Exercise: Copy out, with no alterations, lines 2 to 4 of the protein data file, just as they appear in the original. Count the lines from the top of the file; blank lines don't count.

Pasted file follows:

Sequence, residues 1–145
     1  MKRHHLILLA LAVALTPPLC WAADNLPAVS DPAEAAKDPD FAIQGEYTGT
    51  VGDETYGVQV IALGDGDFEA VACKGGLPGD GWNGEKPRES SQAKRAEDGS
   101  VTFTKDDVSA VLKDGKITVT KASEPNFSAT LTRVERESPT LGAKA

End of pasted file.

     1  MKRHHLILLA LAVALTPPLC WAADNLPAVS DPAEAAKDPD FAIQGEYTGT
    51  VGDETYGVQV IALGDGDFEA VACKGGLPGD GWNGEKPRES SQAKRAEDGS
   101  VTFTKDDVSA VLKDGKITVT KASEPNFSAT LTRVERESPT LGAKA